SKORA Form Review

Disclaimer: SKORA provided these shoes to me for review

Initial aesthetic impressions of the shoe are that they don’t look like typical running shoes. Some may think that’s a bad thing, some may think its a good thing. I think it’s a good thing. Frankly I’m getting a bit tired of the neon orange, green and yellow. These plain, but classy appearing shoes are a welcome change.

Shoe construction seems excellent. They seem to have thought out how the shoe is built from a global perspective, but also down to the nitty gritty details. From the materials used, the lacing, the goatskin leather upper and the shape of the shoe. From a durability perspective, I haven’t had them for very long, so I’m not sure how they’ll hold up, but my understanding is that they tend to hold up extremely well. Perhaps I’ll do an update in a few months.

Initial feel of the shoe was that similar to the New Balance MT110 shoes in that it felt like the shoe was actually forcing my foot into a bit of pronation – like the lateral aspect of the sole of the shoe was higher than the medial aspect. I was hesitant about this, because the NB MT110 caused a strain my tibialis posterior on the left. (I have a slight forefoot varus and external tibial torsion on the left, so that foot tends to need a bit of support).
However, I went out for a 6.5 mile easy trail run and felt no problems and then two days later, a hard 9 mile road run. Other than for tightness in the calves (I normally run a low drop, but not in zero drops) I felt fine. I really am surprised that I had no problems the next day because while running, it felt like I couldn’t get my 1st MTP joint on the ground properly on the left. This is likely due to my slight forefoot varus and the lateral aspect of the SKORA sole feeling like it’s built up more than the medial part of the sole.

I have run a few more times (shorter 3-4 mile runs) in the shoes and they feel great for that distance. For me though, there would have to be slightly more cushioning to allow me to regularly run longer in the SKORA Forms. There are some people who can run long distances without much cushion. I’m not one of them. For anything longer than 4-5 miles on the road I’d like to have a bit more cushioning.
For now though, SKORA Form shoes are great for shorter runs for me and it’s one of those shoes where you become a little more aware of your mechanics. I think that’s a good thing.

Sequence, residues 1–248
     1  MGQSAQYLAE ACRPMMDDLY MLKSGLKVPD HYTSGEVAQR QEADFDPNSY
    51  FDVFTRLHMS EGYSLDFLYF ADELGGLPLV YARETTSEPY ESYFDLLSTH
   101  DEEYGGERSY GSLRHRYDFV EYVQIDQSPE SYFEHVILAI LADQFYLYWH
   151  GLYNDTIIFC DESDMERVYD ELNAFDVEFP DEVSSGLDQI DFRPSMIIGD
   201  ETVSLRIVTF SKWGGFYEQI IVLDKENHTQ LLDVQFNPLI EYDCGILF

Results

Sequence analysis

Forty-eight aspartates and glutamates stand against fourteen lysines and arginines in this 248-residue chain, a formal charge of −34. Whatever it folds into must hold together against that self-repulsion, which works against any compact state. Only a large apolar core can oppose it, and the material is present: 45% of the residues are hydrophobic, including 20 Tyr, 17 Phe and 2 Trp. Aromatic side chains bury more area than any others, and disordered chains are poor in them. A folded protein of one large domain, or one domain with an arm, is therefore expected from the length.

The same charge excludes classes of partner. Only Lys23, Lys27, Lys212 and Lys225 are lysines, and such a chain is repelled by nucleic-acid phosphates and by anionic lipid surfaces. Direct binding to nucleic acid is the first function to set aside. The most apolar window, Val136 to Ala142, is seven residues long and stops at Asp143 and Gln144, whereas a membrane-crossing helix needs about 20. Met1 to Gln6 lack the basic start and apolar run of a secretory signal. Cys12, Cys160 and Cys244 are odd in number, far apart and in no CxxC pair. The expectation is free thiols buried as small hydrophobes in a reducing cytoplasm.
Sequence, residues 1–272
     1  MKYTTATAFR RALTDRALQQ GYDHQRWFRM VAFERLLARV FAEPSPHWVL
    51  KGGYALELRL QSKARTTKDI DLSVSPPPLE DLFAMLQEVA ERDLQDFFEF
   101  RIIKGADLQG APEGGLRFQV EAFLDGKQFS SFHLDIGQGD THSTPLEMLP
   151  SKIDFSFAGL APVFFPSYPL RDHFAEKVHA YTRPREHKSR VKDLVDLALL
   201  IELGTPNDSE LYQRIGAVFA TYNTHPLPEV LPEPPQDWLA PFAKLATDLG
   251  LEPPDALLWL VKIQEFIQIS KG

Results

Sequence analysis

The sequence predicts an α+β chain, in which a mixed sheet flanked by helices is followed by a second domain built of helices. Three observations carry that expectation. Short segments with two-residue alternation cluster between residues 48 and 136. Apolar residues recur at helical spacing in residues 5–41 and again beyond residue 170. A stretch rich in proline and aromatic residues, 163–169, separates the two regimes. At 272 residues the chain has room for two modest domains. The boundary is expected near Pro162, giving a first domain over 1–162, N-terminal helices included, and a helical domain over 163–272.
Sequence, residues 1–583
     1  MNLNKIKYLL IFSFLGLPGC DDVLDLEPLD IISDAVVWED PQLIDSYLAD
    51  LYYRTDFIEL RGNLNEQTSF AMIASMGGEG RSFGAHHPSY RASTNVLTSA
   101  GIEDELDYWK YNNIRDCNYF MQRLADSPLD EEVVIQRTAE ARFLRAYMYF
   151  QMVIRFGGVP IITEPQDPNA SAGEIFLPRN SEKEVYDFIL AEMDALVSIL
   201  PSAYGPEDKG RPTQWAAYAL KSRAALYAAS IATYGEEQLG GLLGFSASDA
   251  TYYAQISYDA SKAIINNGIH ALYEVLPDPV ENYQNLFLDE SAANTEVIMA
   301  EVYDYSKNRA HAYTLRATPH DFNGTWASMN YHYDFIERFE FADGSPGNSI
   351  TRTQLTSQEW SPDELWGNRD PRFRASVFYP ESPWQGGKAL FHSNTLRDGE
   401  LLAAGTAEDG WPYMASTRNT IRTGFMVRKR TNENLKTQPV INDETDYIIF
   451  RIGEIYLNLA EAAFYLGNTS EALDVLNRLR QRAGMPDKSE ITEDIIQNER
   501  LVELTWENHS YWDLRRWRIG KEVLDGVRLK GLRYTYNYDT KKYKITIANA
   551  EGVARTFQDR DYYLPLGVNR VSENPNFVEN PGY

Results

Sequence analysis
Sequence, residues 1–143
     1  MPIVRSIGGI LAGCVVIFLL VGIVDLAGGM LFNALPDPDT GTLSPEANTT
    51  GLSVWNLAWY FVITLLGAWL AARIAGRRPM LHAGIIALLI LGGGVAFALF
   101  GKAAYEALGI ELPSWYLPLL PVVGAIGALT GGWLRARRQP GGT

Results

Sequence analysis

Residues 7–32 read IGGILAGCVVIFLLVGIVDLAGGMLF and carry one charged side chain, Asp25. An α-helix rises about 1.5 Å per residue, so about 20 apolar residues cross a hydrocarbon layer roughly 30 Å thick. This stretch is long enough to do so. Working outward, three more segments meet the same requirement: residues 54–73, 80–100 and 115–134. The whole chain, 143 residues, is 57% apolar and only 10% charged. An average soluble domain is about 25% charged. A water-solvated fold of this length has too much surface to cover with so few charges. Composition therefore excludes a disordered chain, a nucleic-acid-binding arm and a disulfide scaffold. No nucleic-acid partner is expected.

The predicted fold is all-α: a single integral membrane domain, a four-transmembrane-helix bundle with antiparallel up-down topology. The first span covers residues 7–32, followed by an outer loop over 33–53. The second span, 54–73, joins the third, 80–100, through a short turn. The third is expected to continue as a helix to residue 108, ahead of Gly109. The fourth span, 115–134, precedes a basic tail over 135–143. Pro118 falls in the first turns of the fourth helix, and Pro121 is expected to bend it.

One aspect of the shoe which I love is the lack of medial, lateral and posterior flaring on midsole. In fact, SKORA Form has a negative flare for the midsole. I’m not sure who had the bright idea many years ago, but the thought on conventional running shoes was that if you flared the midsole outward on the medial, lateral and posterior aspects, it would create stability for the runner. Many “minimal” shoes still have these big flares outward in the midsoles.
Unfortunately, this outward flare has its consequences. If we look at proper running mechanics, initial foot strike (whether you’re a heel, midfoot or forefoot striker) should occur in a slightly supinated position, meaning that the lateral aspect of the shoe/foot contacts the ground first.

As shown in the picture below, this lateral flaring increases the lever arm to the center of frontal plane rotation for the foot/ankle. It also causes the lateral aspect of the shoe to strike the ground prematurely. Effectively , this produces excessive initial subtalar pronation as shown in this study.

SKORA also made a negative flare on the posterior aspect of the shoe. Conventional running shoes tend to have a large outward posterior flare. This would cause a longer lever arm between the initial ground contact point and the ankle joint axis in the saggital plane.  This posterior flare would cause increased velocity of plantarflexion, and this increase the load on the anterior lower leg musculature. SKORA wisely has done away with this nonsense and instead, used a negative flare.

In summary, I applaud SKORA for creating a well made, good looking shoe. It is apparent that SKORA has done their research, and put a lot of thought on how to make a running shoe.

The FORM and other SKORA shoes can be purchased at